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Monday, 06 October 2008 16:04

Samoans one step closer to broadband

The Government of American Samoa has endorsed the funding for a submarine cable network that will give it, and Samoa, a submarine fibre connection to the rest of the world, at a bargain basement price.

The new link will provide around 280,000 people on the two Samoas (65,000 in American Samoa and 215,000 in Samoa) with a total Internet access capacity of 1Gbps - a huge improvement on the 20Mbps via satellite presently available; and the cost per MB per month will fall from around $US4000 to $US1500.

The planned cable system will connect Samoa to American Samoa and then to Hawaii where it will connect to global submarine networks. It will be created by retrieving the now defunct PacRim East cable that connects New Zealand to Hawaii, reconnecting it into American Samoa and relaying a section of it between the two Samoas. PacRim East has been made redundant by the much greater capacity available on Southern Cross.

The cables are of huge significance to the two Samoas. The governor of American Samoa, Togiola Tulafono, said in May that it was "the most significant economic development project for American Samoa in the last several decades."

He said the additional capacity would allow development of industries, tele-medicine and distant learning, previously limited by the cost and availability of satellite capacity. According to Tulafono, "With this new initiative, we will move from a labour intensive manufacturing industry into a technology-driven industry."

However the Democrat governor - who will be up for re-election at the same time as the US presidential election in November - has been facing opposition from Republican members of the Fono, the legislative assembly, and needed to get the final $US3m of American Samoa's $US9 million contribution to the project approved in the FY2009 budget ahead of the start of the financial year, October 1.

House Budget and Appropriations Committee chair. Republican Laolagi Vaeao. had accused the administration of failing to submit information requested by the house on a number of issues, including the fibre optic cable project. However at the eleventh hour problems were resolved and the $US3.0m allocation made it into the budget.

Pre-sales of capacity on the cables already exceed the satellite capacity currently available. American Samoan telcos have purchased four DS3s (180Mbps) and those in Samoa two DS3, giving a total of 270Mbps. At present total capacity into each of the Samoas is less than one DS3 (45Mbps).

The project is expected to cost around $US20 million, 20 percent of the cost of completely new system (estimated to be at least $US100m to connect American Samoa to Hawaii and another $10m to connect in Samoa.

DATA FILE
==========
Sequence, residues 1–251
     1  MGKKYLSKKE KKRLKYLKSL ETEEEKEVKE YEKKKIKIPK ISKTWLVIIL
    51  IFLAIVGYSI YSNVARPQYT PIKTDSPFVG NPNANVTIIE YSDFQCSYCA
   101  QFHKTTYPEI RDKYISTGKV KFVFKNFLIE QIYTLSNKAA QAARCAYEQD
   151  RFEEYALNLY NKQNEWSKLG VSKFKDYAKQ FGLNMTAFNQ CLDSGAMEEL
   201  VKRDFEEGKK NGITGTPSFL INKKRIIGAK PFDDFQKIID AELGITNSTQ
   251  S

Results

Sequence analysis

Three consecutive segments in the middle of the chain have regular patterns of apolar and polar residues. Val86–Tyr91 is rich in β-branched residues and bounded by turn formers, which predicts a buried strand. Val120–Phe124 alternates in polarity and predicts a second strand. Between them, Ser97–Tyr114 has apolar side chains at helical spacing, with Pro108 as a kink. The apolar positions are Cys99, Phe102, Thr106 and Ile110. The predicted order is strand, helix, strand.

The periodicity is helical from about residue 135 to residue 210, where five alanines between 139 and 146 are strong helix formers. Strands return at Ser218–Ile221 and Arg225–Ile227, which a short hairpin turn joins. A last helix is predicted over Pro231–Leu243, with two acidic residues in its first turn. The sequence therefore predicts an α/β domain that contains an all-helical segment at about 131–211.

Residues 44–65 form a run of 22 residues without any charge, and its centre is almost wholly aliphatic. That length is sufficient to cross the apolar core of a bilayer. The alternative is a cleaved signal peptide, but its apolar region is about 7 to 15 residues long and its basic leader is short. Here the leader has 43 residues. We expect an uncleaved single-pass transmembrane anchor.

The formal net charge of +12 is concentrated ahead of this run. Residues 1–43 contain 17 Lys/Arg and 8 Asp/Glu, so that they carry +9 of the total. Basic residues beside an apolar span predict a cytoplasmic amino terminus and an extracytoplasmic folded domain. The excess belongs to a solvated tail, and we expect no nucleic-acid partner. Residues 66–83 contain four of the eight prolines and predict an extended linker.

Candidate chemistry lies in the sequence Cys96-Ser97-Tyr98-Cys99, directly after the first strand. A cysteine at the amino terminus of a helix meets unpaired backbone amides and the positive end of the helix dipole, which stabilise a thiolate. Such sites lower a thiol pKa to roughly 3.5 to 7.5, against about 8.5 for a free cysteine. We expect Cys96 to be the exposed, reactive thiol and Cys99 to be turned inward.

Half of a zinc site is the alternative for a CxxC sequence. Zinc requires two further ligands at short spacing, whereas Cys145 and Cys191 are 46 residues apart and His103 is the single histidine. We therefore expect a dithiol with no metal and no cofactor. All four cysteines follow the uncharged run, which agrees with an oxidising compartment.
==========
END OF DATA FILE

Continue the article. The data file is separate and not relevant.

It mirrors a re-use in 2007 of the PacRim West cable to provide a fibre optic link between Sydney and Port Moresby. About 2000kms of the PacRim West cable which ran between Australia and Guam was re-laid between Sydney and PNG. At the time PNG relied on satellite and a 1Mbps co-axial cable, the world's then oldest still in operation.

Substantial progress has already been made on the American Samoa-Hawaii (ASH) cable and the Samoa-American Samoa (SAS) cable. The deepwater marine survey has been completed and terminal equipment delivered to Pago Pago, the capital of American Samoa in preparation for the planned landfall there. From Pago Pago another section of the cable will be run 150km on the seabed to Apia in Samoa.

Recovery and re-laying of the cable is expected to start in late December when seas are calmer. Alcatel-Lucent has been awarded a contract to undertake the project. It is expected to be completed and the cable ready for service by March 2009.

According to the CIA's World Fact Book, the private sector of the economy of American Samoa is heavily dependent on tuna fishing and tuna processing, with canned tuna the primary export and attempts by the government to develop a larger and broader economy have been restrained by Samoa's remote location, its limited transportation and its devastating hurricanes.

However it says that tourism is a promising developing sector. With low latency submarine cable connectivity, American Samoa has the potential to be a very acceptable offshore call centre location for American companies. This is not possible with satellite links where the delay limits the effectiveness of a remote call centre.

Of Samoa, the CIA says that the economy has traditionally been dependent on development aid, family remittances from overseas, agriculture, and fishing. Agriculture employs two-thirds of the labour force and furnishes 90 percent of exports, primarily coconut cream, coconut oil and copra whilst the manufacturing sector mainly processes agricultural products.

One factory in the Foreign Trade Zone employs 3,000 people to make automobile electrical harnesses for an assembly plant in Australia and tourism is an expanding sector, accounting for 25 percent of GDP; 116,000 tourists visited the islands in 2006.


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